I have met many politicians in my time but the hardest working politician I know is Shirley Bond, the MLA for Prince George-Valemount. I first met Shirley back in the early 2000s when she was starting out in provincial politics and I was starting out as a trouble maker in an environmental group trying to clean up the air quality. Shirley said she would help us and she did.
My brothers and I were digging to China when we were interrupted by the call by our mother for dinner. Digging holes is something that boys do. In business, however, when we dig holes, unless we are in the construction business, they are usually not good. I have dug myself some holes as a businessman over the years. The biggest hole that I dug was several hundred of thousands of dollars deep.
Rachael and Carmel were a little surprised and perhaps a little nervous, when I told them I was taking a six-month vacation and that they would be in charge. The business had been open for five years but the truth was that I was making more money renovating and flipping houses than I was from the business itself. My brother Rob was getting married in Ireland, and I was to be the best man. I thought that after working hard getting the business started that it was time to take a break.
Muck Rack makes it simple to find people, tweets, or articles that mention any name, keyword, company, hashtag etc. We've compiled this guide to help you make the most of your search.
Selecting a term
Start searching tweets, articles from media outlets, articles mentioned in tweets, journalists'
names, titles and bios with some suggested searches:
Companies or Topics (e.g. iPhone, Microsoft)
Phrases (e.g. "cloud computing") — use quotes to keep the terms together
Twitter handles (e.g. @username) — returns those who have mentioned or replied to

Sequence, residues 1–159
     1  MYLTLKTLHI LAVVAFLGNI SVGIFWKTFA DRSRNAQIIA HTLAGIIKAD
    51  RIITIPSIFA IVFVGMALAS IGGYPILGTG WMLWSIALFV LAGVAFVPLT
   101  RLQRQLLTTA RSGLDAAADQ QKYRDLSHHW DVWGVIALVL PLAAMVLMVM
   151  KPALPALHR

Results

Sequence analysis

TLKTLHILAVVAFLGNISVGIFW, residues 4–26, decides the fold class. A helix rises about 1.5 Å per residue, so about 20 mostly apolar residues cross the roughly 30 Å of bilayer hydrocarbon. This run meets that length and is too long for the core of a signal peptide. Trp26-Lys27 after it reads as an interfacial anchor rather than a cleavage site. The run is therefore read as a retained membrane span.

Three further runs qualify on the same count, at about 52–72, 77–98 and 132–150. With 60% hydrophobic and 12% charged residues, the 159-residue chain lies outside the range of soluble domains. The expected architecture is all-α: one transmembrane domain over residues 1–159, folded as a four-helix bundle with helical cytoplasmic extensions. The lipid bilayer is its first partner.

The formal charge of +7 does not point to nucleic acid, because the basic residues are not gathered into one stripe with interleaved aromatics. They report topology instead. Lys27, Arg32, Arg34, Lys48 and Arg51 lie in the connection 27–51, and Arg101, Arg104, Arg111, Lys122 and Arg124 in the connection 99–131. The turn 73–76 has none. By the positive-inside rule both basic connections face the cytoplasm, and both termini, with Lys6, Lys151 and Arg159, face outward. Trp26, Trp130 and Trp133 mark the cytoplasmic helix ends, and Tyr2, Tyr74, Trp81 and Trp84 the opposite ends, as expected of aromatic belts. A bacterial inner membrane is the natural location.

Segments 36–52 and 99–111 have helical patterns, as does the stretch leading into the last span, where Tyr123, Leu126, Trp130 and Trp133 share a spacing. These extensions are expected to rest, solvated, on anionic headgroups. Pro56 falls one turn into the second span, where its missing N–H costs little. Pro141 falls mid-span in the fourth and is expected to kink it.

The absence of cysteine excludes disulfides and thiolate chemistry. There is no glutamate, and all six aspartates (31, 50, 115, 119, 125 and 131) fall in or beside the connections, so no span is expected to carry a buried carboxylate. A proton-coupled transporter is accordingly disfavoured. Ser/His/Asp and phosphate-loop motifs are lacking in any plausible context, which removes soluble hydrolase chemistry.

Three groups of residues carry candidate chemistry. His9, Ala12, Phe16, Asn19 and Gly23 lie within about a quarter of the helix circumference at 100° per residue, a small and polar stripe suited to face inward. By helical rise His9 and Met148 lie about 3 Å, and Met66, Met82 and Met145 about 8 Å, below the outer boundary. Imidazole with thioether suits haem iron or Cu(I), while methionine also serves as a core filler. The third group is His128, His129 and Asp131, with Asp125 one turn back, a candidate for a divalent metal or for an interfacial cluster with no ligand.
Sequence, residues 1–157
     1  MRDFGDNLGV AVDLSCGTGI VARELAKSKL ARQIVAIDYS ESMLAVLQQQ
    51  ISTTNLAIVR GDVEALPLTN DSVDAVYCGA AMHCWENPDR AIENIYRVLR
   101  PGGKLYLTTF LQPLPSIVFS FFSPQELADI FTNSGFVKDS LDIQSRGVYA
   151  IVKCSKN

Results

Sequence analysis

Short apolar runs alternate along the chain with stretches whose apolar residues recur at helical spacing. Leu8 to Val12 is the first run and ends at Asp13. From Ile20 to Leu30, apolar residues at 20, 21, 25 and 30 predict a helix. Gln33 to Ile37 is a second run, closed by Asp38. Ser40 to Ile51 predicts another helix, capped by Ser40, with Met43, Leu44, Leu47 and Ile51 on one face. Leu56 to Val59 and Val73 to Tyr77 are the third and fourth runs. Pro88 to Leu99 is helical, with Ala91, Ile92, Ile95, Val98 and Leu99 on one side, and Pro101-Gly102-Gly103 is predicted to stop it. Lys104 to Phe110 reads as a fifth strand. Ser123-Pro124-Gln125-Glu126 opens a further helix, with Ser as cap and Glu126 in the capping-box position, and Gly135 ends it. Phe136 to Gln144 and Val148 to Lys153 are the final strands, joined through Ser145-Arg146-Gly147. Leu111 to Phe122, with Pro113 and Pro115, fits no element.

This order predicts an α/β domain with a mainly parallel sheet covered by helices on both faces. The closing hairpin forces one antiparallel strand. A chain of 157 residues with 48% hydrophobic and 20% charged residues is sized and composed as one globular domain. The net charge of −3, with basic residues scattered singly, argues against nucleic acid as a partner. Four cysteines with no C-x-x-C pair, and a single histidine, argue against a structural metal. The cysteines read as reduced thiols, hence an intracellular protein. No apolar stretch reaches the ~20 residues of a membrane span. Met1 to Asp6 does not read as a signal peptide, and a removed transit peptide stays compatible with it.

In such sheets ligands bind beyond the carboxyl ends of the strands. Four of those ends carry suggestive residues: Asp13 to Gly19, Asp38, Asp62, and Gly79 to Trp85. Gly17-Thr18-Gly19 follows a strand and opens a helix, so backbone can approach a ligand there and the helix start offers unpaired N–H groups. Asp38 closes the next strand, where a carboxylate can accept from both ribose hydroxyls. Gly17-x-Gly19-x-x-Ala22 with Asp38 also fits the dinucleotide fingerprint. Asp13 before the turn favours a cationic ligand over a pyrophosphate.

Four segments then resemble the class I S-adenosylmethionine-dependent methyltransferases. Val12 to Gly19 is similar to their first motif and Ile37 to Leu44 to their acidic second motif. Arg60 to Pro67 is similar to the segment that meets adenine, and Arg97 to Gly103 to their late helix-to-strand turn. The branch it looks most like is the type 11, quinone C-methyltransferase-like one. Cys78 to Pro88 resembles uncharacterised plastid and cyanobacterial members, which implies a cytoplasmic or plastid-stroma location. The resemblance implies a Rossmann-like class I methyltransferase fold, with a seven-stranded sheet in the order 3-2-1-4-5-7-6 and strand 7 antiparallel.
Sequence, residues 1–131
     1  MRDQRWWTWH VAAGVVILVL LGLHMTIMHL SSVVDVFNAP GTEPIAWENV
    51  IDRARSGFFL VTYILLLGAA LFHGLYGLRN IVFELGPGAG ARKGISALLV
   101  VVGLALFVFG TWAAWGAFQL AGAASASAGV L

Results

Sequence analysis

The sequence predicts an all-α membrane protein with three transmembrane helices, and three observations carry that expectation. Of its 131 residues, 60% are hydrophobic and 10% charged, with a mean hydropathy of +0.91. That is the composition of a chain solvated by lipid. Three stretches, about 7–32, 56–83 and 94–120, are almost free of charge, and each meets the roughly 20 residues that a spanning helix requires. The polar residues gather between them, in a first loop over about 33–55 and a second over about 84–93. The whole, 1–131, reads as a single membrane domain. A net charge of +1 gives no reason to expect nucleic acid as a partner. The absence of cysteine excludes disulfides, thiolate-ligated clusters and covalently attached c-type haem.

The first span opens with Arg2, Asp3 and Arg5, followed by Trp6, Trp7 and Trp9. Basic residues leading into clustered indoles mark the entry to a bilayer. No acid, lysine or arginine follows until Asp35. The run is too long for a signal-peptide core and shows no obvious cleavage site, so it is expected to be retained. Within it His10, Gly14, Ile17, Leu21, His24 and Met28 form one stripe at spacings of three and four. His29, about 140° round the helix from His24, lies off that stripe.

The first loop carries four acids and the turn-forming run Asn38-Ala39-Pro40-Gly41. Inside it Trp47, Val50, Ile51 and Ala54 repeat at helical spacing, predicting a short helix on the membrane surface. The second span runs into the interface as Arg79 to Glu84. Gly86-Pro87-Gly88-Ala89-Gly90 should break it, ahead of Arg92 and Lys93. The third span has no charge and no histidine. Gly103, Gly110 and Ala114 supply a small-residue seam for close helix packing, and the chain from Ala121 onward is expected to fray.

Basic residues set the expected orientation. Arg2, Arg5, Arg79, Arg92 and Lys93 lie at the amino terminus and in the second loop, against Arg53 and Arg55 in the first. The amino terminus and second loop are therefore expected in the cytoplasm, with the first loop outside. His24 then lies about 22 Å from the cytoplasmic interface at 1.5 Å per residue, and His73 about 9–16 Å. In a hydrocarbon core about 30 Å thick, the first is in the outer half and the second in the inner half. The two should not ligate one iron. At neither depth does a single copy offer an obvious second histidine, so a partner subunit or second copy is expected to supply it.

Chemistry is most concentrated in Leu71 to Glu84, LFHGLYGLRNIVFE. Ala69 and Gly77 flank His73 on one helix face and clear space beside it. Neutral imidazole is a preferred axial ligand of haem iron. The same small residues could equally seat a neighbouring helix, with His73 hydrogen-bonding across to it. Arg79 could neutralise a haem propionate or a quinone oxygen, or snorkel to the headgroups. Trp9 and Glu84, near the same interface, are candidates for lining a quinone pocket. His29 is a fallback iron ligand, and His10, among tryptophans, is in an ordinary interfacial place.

Names (e.g. "David Pogue")
Hashtags (e.g. #sxsw, #london2012)
Bio details (e.g. vegan, Olympics, father)
Muck Rack's Advanced Search allows for many boolean operators.
Find results that mention multiple specified terms, use AND or
+. For example, ensure each result contains both Elon Musk and Mark Zuckerberg by
searching Obama AND Romney or Obama + Romney.
Use the operators OR or , to broaden your search when you'd like either of
multiple terms to appear in results. (This is the default behavior of our search when no operators
are used.) For example, search for democrat OR republican to find results that refer to
Democrats and/or Republicans.
Use NOT or - to subtract results from your search. For
example, searching Disney will yield results about the Walt Disney Company as well as Walt Disney
World Resort. To exclude mentions of Disney World, search for Disney -World or Disney
When using one of these operators with a phrase, enclose it in quotation marks. For example, you can
find results about smartphones excluding Apple's iPhone 4S by searching smartphone -"iPhone
Exact case matching or punctuation
If you're searching for a brand name or keyword that relies on specific punctuation marks or capitalization, you can
find results that match your exact query by adding matchcase: before the keyword you're searching for, like matchcase:E*TRADE .
Use parentheses to separate multiple
boolean phrases. For example, to find journalists talking about having fun in Disney World or
Disneyland, search for ("disney world" OR disneyland) AND fun.
An asterisk can be used to search for any variation of a root word truncated by the asterisk. For example, searching for admin* will return results for administrator, administration, administer, administered, etc.
A near operator is an AND operator where you can control the distance between the words. You can vary the distance the near operation uses by adding a forward slash and number (between 0-99) such as strawberries NEAR/10 "whipped cream", which means the strawberries must exist within 10 words of "whipped cream".